He was the first DRIVE student to live in a campus dorm, and during his course of study, provided clerical support part-time in a number of offices across campus. Since finishing the DRIVE program, Lonie still rotates weekly to those offices, and has continued to volunteer in DRIVE classrooms, Luppino said. He also serves as an advocate for the DRIVE program, and for inclusive learning on other college campuses. In 2013, he received the New York State ARC (NYSARC) Self-Advocate award for his leadership and personal growth and for positively influencing the lives of others.

“Robert’s vision is just amazing. He’s always about five years ahead of us with his thoughts and where he’s going—lots of self-direction,” Luppino said, describing how Lonie and his mother Cheryl Lonie, were living in the Elmira area when they first saw a news article about the DRIVE program. Soon after, the two moved to the Penn Yan area so Robert could attend.

Students like Robert Lonie, who complete a four-year certificate program through DRIVE, earn an Award of Higher Education during Commencement.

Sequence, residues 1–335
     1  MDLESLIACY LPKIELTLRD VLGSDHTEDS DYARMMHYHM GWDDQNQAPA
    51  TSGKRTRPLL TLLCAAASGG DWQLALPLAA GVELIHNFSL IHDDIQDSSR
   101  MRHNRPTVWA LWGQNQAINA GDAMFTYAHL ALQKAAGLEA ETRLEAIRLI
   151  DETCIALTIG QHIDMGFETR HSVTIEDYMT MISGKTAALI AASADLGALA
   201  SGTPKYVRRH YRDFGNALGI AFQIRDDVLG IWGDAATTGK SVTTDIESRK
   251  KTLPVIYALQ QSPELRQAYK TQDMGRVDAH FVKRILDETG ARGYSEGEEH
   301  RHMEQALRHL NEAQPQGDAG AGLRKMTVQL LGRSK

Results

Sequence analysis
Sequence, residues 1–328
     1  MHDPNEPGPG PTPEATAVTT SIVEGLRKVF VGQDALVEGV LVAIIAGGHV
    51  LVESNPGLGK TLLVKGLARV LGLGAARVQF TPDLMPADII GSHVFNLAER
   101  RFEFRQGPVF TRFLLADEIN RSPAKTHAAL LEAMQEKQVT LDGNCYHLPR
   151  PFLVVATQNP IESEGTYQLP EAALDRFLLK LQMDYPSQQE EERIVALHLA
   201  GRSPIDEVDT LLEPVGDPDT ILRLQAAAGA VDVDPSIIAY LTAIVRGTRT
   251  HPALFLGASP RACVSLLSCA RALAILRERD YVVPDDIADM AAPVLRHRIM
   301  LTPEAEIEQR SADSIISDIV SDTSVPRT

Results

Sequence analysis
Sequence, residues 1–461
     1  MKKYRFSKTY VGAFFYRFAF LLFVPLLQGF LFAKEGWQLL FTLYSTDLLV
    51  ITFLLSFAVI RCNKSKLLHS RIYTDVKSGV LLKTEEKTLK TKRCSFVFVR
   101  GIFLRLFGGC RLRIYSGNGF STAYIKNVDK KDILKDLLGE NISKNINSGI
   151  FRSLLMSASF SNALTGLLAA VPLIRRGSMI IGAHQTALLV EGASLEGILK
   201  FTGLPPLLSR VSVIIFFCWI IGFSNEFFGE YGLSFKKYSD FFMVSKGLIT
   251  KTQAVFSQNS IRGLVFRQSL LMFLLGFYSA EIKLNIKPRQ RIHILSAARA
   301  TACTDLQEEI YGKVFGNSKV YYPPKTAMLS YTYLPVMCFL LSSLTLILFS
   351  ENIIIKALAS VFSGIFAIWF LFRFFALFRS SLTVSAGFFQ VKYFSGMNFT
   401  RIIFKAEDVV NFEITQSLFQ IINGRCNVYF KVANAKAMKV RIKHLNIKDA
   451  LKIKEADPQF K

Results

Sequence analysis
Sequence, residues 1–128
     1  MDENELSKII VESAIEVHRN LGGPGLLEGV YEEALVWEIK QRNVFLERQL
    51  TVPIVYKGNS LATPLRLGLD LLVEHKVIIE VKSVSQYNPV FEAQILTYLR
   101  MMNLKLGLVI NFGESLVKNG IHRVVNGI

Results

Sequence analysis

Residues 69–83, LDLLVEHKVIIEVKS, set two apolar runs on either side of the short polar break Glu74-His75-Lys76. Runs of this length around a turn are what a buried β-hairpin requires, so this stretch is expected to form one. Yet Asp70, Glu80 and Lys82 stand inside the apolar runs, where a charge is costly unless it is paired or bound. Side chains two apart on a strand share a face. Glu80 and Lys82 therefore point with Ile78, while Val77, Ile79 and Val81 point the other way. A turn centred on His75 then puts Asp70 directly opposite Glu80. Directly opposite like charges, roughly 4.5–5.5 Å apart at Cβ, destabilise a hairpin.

“His film is so great because it covers all the things we know about Robert and all the aspects [of what makes our DRIVE program successful],” Luppino said, referring to Lonie’s micro-film, part of “The Opportunity Project,” created by the Institute for Innovative Transition at the University of Rochester’s Warner School of Education, with funding from the Golisano Foundation.

According to Luppino, Lonie was involved in the decision-making of how his documentary would be crafted, chose each of the people who would be interviewed, and made the decision not to speak himself until the end of the film.